Let us start with dispelling what is more than a myth – it is a sad lack of perspective, indeed a lacuna in the appreciation of the history of Test cricket, that has resulted in an assertion that a Test match needs to be five days long. It does, and it doesn’t. Let me explain.
A fact that fans of the game often don’t know, and more often choose to ignore, is that the stipulated length of Test matches has changed multiple times in its 144 years of existence. In the first 75 years, or for about half its existence, a period when 700 Tests were played, all the matches played in England and most of those played abroad were officially three days long. The others lasted as long as it took to get a result.
Yes, bizarre as it may sound to the modern fan, the teams kept playing until someone won. These were labeled the timeless Tests. They were designed to provide a series winner.
Once in a while even that didn’t work. There was the famous occasion when the teams agreed to a draw in Durban, South Africa in the final Test of a series, after no conclusion to the match had been reached despite ten days of play.
If they had continued longer, being just 42 runs from victory and having scored 5-654, the English squad would have won the Test the next day, but literally missed the boat home. The ship on which their passage was booked was sailing the following day.
In the years that followed, besides the occasional timeless Test, there were two-day Tests, three-day Tests, six-day Tests, and of course five-day Tests. To complicate things further, in the course of its history, the number of balls in an over also varied between five, six and eight. As if that wasn’t enough to get by with, the number of overs bowled per day across the decades has varied between 81 and 96.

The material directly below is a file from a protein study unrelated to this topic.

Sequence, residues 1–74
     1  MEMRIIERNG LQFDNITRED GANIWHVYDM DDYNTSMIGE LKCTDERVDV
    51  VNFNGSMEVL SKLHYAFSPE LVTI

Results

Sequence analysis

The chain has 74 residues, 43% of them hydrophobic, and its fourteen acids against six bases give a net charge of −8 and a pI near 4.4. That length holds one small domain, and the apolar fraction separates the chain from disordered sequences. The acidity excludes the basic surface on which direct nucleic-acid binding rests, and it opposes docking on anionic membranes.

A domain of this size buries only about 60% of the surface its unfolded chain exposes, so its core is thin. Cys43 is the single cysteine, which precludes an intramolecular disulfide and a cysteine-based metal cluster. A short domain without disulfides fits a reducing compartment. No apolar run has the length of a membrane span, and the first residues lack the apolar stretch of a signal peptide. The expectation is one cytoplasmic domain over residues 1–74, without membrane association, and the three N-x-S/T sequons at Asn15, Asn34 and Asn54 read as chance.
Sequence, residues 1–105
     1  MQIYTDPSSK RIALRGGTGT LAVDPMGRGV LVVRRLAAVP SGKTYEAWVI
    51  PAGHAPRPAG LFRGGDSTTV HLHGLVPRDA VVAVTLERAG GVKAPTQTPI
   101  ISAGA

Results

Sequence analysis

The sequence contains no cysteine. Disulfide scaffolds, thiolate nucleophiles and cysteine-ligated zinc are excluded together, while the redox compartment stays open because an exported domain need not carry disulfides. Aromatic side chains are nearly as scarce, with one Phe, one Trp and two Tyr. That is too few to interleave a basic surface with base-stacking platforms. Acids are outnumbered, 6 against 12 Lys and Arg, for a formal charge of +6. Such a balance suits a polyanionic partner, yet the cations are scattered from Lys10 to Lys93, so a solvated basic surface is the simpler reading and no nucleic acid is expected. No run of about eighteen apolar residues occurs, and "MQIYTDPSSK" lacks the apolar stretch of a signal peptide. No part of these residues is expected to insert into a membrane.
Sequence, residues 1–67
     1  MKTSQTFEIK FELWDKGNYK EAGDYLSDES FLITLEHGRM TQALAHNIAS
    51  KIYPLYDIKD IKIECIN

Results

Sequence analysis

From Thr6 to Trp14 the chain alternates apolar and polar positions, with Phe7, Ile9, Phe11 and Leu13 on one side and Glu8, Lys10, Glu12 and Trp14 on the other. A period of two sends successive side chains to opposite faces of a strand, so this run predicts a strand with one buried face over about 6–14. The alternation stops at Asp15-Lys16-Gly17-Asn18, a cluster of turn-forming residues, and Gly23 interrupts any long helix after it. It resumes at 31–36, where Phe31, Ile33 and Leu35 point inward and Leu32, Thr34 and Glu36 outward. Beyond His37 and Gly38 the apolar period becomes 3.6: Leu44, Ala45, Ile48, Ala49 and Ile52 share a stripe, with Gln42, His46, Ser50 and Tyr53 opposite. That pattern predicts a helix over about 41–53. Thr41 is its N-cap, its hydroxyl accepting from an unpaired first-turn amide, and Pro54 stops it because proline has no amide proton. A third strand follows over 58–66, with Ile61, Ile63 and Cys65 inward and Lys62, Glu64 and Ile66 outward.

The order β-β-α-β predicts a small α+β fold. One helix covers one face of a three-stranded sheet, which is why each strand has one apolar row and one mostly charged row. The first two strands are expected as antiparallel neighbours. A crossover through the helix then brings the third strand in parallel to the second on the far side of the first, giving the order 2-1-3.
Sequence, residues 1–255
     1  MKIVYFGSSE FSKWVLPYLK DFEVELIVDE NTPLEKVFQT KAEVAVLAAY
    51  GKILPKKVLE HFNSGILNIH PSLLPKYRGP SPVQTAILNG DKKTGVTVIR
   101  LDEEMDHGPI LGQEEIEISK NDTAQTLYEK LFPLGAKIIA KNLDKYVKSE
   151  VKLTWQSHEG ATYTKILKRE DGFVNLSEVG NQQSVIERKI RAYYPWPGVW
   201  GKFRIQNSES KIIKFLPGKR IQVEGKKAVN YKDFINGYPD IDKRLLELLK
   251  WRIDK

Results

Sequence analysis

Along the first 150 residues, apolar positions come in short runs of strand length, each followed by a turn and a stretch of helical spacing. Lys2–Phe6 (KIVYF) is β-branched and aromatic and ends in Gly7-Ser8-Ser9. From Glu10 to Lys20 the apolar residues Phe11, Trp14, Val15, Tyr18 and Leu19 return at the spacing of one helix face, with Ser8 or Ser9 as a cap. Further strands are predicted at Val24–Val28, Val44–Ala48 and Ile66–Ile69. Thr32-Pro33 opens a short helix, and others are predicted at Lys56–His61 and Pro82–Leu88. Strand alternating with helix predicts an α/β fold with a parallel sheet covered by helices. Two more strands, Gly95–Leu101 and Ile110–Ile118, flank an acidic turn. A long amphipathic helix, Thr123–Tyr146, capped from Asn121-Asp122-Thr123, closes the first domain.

The standardisation of the duration of a Test match has been at a premium during its long years of existence. At the moment it happens to be pegged at 90 overs a day over five days, with six balls sent down per over. If anything, the history of Test cricket is a mute witness to the fact that nothing is permanent other than change itself.
Perhaps it is time to make another one.
Day-night cricket in whites was conceived as a way to get eyeballs back to Test matches at a time when it was in danger of being marginalised by shorter formats that have wider fan appeal. The commercialisation of the sport into entertainment was bringing money back into the traditional format and helping it survive.
But it was doing little to expand the appeal of the five-day format to a generation that sought instant gratification rather than a longer battle that was a real test of skill. Something needed to be done. After much experimentation with the colour of the ball and the sight screen among other things, pink-ball Tests came into being.